In the convolution of two Lévy-Tsallis functions, as increasing , there is a knee point for the trend of at –50 GeV. Meanwhile, there is a boundary at –500 GeV above which increases significantly. With the increase of , there is a knee point for the trend of at –15 GeV/. Meanwhile, there is a boundary at –60 GeV/ above which increases significantly. In the two-component Erlang distribution, there is a boundary at –500 GeV for , 500–1100 GeV for , and 200–500 GeV for , above which , , and increase quickly. Meanwhile, there is a boundary at –60 GeV/ above which , , and increase quickly. In the convolution of two Hagedorn functions, increases obviously with increasing and . There is a boundary for the trend of at –200 GeV and –50 GeV/.

With increasing and , the parameters , , , , and show monotonous increasing trend. These increasing trends reflect that these parameters describe the violent degree of collisions between quark and antiquark in the Drell-Yan process. The parameter increases initially and then decreases, and the parameter decreases, with the increase of and . This variation implies the change of interaction pattern and strength. A possible explanation is that the collision centrality between quark and antiquark changes from periphery to center, or the violent degree of collisions increases, when and increase. The fit results in this paper are comparable to the QCD NNLO and LL results with TMD PDFs.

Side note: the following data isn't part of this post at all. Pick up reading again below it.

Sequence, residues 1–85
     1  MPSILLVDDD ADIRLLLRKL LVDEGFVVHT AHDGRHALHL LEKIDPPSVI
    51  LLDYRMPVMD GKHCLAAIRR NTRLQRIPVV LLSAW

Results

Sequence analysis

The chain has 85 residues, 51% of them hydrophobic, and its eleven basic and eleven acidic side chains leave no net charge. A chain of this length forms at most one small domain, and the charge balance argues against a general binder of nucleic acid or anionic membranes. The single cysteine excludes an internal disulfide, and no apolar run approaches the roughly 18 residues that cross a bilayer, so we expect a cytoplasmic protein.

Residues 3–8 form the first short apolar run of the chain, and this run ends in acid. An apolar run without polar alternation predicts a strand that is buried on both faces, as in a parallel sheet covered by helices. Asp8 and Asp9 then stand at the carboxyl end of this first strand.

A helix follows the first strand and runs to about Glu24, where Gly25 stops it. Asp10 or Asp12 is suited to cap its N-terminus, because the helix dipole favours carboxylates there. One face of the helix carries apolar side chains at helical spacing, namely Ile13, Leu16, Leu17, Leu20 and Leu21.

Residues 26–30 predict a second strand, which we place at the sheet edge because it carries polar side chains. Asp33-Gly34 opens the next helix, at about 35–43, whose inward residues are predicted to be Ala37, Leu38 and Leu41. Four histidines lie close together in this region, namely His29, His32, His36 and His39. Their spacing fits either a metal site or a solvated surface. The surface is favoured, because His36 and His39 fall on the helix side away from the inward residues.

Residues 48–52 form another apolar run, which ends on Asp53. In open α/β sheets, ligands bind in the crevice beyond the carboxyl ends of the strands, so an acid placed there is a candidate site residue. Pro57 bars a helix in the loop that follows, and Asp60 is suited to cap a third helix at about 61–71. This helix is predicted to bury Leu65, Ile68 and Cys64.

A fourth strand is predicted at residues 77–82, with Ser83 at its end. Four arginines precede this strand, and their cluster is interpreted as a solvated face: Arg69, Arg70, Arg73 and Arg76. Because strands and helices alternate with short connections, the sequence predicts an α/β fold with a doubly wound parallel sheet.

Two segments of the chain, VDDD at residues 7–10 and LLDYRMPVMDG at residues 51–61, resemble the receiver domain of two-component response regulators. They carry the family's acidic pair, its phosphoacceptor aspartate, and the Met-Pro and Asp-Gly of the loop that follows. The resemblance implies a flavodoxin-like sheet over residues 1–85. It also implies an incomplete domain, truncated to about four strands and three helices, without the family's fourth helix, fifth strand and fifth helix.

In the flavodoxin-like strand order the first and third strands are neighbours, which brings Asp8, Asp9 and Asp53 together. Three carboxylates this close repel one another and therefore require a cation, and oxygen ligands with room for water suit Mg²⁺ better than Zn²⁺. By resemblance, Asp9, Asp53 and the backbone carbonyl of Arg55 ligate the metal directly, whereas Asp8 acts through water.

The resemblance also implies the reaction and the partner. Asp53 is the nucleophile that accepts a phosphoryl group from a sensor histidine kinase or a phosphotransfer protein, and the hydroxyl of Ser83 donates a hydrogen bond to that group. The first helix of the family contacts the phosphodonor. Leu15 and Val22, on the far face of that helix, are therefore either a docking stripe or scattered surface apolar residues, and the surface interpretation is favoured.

In conclusion, the large number of events collected by the investigated experiments allows us to study the statistical behavior of dilepton production in hadron and nuclei collisions. The lepton pairs can be produced through the Drell-Yan process and the QGP degeneration process. Both processes are predicted by QCD and are described well enough by our statistical thermodynamics models, especially in kinematic regions with sufficiently large numbers of events.

#### Data Availability

The data used to support the findings of this study are included within the article and are cited at relevant places within the text as references.

#### Ethical Approval

The authors declare that they are in compliance with ethical standards regarding the content of this paper.

#### Disclosure

The funding agencies have no role in the design of the study; in the collection, analysis, or interpretation of the data; in the writing of the manuscript; or in the decision to publish the results.

#### Conflicts of Interest

The authors declare that there are no conflicts of interest regarding the publication of this paper.

#### Acknowledgments

X.-H. Zhang and F.-H. Liu’s work was supported by the National Natural Science Foundation of China under Grant Nos. 12047571, 11575103, and 11947418, the Scientific and Technological Innovation Programs of Higher Education Institutions in Shanxi (STIP) under Grant No. 201802017, the Shanxi Provincial Natural Science Foundation under Grant No. 201901D111043, and the Fund for Shanxi “1331 Project” Key Subjects Construction.